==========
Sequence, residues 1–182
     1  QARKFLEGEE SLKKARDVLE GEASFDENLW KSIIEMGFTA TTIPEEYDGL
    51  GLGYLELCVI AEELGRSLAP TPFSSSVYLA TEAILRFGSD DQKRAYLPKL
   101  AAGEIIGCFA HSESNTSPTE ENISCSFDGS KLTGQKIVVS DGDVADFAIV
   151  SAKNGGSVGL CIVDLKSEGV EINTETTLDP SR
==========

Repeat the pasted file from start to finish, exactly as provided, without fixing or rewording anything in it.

Sequence, residues 1–182
     1  QARKFLEGEE SLKKARDVLE GEASFDENLW KSIIEMGFTA TTIPEEYDGL
    51  GLGYLELCVI AEELGRSLAP TPFSSSVYLA TEAILRFGSD DQKRAYLPKL
   101  AAGEIIGCFA HSESNTSPTE ENISCSFDGS KLTGQKIVVS DGDVADFAIV
   151  SAKNGGSVGL CIVDLKSEGV EINTETTLDP SR